I was split when I saw the previews for the Teenage Mutant Ninja Turtles sequel. Truly it seemed to be even dumber than its predecessor, but almost in a way that embraced the dumbness and had much more of a non-serious tongue-in-cheek approach to it. I wasn’t certain if this was gonna make the finished film any better, but I did know that it’s about time the Turtles got a movie based on their adventures that features Krang and Bebop & Rocksteady. We’ve seen quite enough of Shredder and are certainly not missing those evil statue-things from 2007’s TMNT or that guy with the birdcage from Turtles in Time.
In Out of the Shadows, the four main turtles – Leonardo (Pete Ploszek), Donatello (Jeremy Howard), Michelangelo (Noel Fisher), and Raphael (Alan Ritchson) – are back in action but still hidden from the human world along with their sage master Splinter (Tony Shalhoub) in the New York sewers. All credit for their last victory has been publicly given to Will Arnett‘s character (hah!), yet they maintain a friendship with the humans via new characters like vigilante Casey Jones (Stephen Amell) and old ones like spunky reporter April O’Neill, who’s not really “played” by Megan Fox so much as Fox said words while a camera was pointed at her. You can guess from that one “sexy” shot in the trailer how dignified the portrayal of Fox’ character is in this film compared to the last.
The story, as those of you in-the-know can tell, includes many aspects and characters of the Turtles mythology that have become classic by now. There is an alien dimension, a Technodrome, and a mutagen capable of making the Ninja Turtles human. This plot point leads to exactly nothing.
In spite of what I said earlier, Shredder does make an appearance in this film, now played by Brian Tee and more accurate to the source material than the bulking swiss army Transformer from movie 1. His plan involves the creation of Bebop and Rocksteady (Gary Anthony Williams and “Sheamus”), the iconic evil henchmen from the cartoons who are basically a mix between man-and-rhino and man-and-hog respectively. Two monstrous colossi of science gone wrong with one brain between them, they’re some of the more entertaining characters in the film. For a while.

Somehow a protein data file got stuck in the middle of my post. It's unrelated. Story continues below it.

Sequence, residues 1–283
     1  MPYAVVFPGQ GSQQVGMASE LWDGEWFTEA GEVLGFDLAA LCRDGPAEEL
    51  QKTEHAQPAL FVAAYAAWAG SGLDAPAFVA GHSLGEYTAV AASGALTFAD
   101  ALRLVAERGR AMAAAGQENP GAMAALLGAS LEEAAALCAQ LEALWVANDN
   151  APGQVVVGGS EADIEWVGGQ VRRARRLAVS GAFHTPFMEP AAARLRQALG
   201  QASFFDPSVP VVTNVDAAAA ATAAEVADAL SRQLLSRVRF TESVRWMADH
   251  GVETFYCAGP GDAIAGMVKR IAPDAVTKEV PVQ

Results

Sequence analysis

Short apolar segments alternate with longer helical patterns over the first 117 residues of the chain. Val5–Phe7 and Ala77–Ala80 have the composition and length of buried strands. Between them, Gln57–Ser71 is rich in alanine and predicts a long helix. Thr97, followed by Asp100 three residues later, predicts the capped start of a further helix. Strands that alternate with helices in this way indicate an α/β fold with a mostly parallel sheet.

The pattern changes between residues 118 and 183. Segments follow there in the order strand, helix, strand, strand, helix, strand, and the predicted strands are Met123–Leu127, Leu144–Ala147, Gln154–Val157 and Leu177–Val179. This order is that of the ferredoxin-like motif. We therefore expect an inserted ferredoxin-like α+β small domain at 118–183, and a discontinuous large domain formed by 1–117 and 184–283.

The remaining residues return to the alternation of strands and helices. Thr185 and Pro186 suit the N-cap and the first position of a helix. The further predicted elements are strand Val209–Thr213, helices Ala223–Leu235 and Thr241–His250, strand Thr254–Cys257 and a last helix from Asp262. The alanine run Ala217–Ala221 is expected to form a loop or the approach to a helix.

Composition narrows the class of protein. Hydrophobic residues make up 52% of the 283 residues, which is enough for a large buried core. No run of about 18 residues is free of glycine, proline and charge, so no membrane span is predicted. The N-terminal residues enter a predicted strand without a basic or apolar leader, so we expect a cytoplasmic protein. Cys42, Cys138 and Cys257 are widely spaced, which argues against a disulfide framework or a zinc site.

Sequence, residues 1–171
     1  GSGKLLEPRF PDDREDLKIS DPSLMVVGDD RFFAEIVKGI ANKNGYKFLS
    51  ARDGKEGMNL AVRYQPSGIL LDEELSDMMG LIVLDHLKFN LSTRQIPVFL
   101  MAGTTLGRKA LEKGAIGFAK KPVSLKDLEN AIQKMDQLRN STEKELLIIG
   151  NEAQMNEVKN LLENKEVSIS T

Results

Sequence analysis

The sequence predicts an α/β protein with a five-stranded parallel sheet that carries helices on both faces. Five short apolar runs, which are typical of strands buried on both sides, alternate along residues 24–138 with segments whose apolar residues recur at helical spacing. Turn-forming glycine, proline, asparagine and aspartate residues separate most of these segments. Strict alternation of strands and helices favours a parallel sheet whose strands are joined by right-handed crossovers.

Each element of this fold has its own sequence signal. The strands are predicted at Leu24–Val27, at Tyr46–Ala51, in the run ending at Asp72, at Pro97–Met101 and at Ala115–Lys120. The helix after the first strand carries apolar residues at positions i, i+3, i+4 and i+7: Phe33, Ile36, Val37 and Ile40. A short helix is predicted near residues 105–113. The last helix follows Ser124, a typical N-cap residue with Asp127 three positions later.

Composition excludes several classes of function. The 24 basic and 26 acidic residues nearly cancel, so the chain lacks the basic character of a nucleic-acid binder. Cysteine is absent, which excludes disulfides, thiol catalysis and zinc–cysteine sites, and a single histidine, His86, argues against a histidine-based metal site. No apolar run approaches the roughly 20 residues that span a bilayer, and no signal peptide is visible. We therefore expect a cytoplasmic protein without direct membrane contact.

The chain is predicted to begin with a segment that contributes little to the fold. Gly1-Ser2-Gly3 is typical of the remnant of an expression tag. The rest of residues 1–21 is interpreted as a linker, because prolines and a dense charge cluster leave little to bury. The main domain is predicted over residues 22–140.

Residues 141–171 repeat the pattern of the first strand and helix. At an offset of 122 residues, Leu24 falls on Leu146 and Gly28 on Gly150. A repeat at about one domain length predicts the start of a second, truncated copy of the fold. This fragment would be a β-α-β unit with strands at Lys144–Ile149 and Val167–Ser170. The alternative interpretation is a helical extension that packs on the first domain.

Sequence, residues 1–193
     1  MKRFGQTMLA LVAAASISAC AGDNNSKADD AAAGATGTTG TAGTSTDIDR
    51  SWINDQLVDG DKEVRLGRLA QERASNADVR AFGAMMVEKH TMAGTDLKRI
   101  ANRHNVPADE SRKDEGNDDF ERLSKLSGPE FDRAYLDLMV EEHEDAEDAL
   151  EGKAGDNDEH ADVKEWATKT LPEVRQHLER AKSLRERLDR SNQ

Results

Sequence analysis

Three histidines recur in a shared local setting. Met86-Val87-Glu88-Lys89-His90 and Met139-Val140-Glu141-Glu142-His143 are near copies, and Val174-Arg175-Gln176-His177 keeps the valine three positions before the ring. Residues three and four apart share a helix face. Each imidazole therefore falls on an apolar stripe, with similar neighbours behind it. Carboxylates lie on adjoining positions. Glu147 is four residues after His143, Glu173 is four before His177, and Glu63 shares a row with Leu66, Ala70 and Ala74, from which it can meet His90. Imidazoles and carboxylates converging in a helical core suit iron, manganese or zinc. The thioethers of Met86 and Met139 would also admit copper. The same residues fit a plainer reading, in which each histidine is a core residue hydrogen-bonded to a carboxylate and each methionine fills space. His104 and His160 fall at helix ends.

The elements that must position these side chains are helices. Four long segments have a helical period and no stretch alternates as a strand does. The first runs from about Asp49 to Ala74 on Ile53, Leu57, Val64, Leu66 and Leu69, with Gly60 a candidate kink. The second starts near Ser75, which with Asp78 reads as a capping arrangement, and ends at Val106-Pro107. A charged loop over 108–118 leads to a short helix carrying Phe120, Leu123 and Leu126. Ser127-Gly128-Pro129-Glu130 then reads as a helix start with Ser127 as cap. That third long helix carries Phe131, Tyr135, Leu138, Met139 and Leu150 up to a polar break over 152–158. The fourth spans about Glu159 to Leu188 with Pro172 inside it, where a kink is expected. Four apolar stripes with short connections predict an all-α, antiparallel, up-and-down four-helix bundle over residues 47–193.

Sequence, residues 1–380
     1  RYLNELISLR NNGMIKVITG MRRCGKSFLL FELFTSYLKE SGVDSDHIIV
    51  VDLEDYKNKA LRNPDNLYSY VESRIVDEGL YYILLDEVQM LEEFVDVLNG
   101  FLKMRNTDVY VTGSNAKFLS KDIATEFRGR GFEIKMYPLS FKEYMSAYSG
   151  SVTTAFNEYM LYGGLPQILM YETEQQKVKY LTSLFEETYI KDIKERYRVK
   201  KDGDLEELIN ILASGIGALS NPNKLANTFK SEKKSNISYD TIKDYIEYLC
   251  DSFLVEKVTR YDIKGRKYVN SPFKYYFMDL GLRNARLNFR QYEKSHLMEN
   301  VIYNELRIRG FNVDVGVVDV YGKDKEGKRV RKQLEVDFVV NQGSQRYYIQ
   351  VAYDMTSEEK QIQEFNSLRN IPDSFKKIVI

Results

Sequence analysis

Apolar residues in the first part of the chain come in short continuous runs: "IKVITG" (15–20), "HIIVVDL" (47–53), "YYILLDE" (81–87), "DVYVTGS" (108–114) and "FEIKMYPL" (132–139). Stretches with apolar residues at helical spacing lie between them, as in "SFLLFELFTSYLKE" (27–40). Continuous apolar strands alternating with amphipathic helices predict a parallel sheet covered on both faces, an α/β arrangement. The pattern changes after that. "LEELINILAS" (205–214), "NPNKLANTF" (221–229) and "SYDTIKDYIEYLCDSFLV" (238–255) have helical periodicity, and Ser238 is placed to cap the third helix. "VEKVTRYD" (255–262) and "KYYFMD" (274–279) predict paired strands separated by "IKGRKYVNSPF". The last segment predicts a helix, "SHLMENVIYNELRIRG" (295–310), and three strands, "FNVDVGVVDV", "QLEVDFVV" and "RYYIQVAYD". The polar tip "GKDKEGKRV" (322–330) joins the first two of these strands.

I should mention that the scientist who aids Shredder in creating his henchmen is played by Tyler Perry, just so you know how careful you should be when deciding whether to see this movie.
Shredder, even so, isn’t the film’s main antagonist. The highly fan-anticipated warlord Krang (Brad Garrett) pulls the strings from the safety his poorly lit home dimension, which Shredder enters early on and receives the aforementioned mutagen that can make people “revert” to animalistic states and turn the Turtles into humans. Somehow this all feels like a creationist’s failed attempt at a joke about
the science of evolution “evolutionism”, hence my sudden urge to rewatch A Matter of Faith and laugh my way to an early damnation. I’m not going to comment so much on the science in general since this is, well, a Michael Bay film about turtle mutants and an alien brain, but I will point that all the technobabble in the world cannot hide the fact that you don’t know the difference between a black hole and a wormhole.
Speaking of Krang, he looks about as sickening as you’d expect, given the design choices that the Turtles movies already have on their track record. People who continue to defend these films on the grounds that they’re “just kids movies”, in spite of the main stars being abominable CGI ogres as opposed to funny-looking cartoon turtles, will have even more to answer for now that the sequel features a towering garbage robot that has a throbbing tentacle-tumor with a Kuato face bursting out of its stomach. My brother accurately compared him to a Doom 4 enemy that really wants to die.